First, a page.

Sales of previously owned U.S. homes unexpectedly fell in May, a sign demand was probably pulled into prior months before a June tax-credit deadline.

Purchases of existing houses, which are tabulated when a contract closes, decreased 2.2% to a 5.66 million annual rate, figures from the National Association of Realtors showed Tuesday.

To receive a government incentive worth as much as $8,000, buyers must have signed contracts by the end of April and need to complete deals by the end of this month.

The decline raises the risk the retrenchment following the expiration of the tax credit will be deeper than anticipated.

Sales "will be pretty soft for the next few months," said Scott Brown, chief economist at Raymond James & Associates Inc. in St. Petersburg, Fla. "Ultimately, you're going to need job growth to see a sustainable recovery in housing."

Existing home sales were forecast to rise to a 6.12 million rate, according to the median forecast of 74 economists in a Bloomberg News survey. Estimates ranged from 5.2 million to 6.5 million. The group revised April's sales rate up to a 5.79 million pace from the 5.77 million rate previously reported.

Purchases of existing homes increased 2.7% compared with a year earlier before adjusting for seasonal patterns.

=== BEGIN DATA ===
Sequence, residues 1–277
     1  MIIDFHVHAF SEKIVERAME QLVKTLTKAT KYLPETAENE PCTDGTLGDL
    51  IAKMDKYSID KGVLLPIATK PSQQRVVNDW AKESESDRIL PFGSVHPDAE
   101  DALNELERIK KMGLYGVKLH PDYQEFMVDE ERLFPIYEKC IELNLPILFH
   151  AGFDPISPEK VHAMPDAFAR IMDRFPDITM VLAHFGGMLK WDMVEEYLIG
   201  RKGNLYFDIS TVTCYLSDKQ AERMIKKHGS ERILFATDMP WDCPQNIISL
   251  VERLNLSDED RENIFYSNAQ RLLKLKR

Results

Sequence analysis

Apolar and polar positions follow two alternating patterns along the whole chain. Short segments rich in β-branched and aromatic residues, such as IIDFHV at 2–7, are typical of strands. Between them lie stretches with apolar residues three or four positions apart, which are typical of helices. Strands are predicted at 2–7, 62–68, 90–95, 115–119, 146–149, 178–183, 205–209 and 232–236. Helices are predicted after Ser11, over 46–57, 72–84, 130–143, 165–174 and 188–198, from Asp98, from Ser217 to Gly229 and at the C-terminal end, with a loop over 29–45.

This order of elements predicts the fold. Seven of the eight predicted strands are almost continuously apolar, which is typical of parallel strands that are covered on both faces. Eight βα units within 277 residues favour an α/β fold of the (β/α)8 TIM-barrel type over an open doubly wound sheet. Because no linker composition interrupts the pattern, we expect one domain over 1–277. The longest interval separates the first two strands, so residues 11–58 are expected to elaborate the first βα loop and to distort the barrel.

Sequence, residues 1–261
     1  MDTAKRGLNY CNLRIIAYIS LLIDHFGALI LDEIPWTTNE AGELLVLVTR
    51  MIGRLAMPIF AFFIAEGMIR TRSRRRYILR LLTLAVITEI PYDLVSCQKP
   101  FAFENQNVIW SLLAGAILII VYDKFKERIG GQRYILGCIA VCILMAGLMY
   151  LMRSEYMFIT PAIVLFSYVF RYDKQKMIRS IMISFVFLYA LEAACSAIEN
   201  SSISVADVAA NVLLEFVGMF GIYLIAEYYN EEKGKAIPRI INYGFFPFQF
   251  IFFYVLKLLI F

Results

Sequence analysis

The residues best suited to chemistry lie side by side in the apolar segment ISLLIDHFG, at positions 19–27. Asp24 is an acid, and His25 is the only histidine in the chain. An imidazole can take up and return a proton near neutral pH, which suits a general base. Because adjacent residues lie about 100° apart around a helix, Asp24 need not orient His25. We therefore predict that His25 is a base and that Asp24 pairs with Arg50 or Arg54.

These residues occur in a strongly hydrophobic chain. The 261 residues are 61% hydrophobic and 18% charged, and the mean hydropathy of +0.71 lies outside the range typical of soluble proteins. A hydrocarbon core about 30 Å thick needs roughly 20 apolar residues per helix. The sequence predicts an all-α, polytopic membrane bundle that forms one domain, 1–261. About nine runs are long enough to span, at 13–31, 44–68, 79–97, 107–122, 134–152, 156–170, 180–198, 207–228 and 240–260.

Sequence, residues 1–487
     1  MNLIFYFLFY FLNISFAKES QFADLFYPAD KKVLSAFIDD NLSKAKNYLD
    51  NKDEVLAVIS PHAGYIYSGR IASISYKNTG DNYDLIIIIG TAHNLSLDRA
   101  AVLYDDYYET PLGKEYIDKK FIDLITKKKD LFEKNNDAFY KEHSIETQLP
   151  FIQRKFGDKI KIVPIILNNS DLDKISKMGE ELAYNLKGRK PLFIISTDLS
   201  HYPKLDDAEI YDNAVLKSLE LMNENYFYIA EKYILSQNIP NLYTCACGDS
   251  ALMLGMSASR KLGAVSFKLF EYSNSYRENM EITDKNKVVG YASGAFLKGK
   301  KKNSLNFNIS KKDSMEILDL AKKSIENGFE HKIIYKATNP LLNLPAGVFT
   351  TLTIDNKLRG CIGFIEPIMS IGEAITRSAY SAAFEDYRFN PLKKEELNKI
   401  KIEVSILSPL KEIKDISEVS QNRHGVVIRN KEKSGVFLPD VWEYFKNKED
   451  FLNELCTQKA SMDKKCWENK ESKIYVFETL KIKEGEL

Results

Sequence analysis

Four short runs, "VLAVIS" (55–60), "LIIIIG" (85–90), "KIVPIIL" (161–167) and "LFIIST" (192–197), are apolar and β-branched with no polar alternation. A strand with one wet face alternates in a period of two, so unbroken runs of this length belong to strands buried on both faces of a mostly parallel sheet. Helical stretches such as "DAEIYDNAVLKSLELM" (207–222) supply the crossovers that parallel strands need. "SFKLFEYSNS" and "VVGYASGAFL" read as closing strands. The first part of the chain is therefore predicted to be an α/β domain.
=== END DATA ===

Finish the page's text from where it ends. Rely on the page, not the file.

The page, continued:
The median price increased 2.7%, to $179,600, from $174,800 in May 2009. The number of previously owned homes on the market dropped 3.4%, to 3.89 million. At the current sales pace, it would take 8.3 months to sell those houses compared with 8.4 months at the end of the prior month.

Declines in inventories have slowed in recent months, posing a risk for the market, Lawrence Yun, the Realtor group's chief economist, said during a press conference. Yun said this "overhang" in supply is a concern and may lead to further declines in property values in coming months.

One reason for the drop in sales last month may be a delay in processing contracts from the surge of buyers trying to qualify for the tax credit, Yun said.

There may be as many as 180,000 buyers who will not be able to close on deals by this month's deadline, said Yun, who called on the government to push the expiration date back.

Federal Reserve policy makers, who wrap up a two-day meeting Wednesday, are forecast to commit to keeping interest rates near zero to help wean the world's largest economy off government stimulus. The hazard posed by the European debt crisis, joblessness and a lack of inflation add to the reasons why central bankers will focus on sustaining the U.S. rebound.

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